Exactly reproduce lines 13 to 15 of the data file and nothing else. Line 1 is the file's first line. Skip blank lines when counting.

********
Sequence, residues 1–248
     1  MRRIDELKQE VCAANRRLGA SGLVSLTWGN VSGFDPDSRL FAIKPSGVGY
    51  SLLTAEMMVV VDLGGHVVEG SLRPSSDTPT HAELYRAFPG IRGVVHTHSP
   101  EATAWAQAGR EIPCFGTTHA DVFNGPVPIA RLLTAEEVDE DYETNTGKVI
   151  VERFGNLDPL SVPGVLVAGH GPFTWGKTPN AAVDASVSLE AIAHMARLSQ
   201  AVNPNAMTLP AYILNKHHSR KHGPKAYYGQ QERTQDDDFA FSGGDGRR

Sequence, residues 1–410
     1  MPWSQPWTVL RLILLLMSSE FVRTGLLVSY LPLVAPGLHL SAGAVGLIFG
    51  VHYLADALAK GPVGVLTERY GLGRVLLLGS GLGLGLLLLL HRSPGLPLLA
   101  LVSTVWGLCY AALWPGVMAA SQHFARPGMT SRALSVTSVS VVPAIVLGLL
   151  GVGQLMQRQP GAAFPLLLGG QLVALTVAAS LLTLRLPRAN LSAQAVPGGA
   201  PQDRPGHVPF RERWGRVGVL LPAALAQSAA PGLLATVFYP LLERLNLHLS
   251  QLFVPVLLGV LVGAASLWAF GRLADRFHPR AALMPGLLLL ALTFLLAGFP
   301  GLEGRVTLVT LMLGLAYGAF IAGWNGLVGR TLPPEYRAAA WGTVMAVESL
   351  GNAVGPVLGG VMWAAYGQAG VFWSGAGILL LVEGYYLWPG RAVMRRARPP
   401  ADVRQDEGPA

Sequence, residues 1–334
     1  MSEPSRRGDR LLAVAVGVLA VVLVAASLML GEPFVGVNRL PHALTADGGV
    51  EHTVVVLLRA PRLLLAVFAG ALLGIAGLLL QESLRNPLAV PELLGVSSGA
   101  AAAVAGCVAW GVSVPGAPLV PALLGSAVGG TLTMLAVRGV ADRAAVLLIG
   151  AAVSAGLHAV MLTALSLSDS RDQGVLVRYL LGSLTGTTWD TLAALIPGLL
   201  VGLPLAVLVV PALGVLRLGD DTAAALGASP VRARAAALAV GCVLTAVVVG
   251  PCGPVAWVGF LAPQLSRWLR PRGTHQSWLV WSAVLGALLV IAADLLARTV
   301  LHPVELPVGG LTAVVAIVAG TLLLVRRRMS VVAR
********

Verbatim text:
   251  QLFVPVLLGV LVGAASLWAF GRLADRFHPR AALMPGLLLL ALTFLLAGFP
   301  GLEGRVTLVT LMLGLAYGAF IAGWNGLVGR TLPPEYRAAA WGTVMAVESL
   351  GNAVGPVLGG VMWAAYGQAG VFWSGAGILL LVEGYYLWPG RAVMRRARPP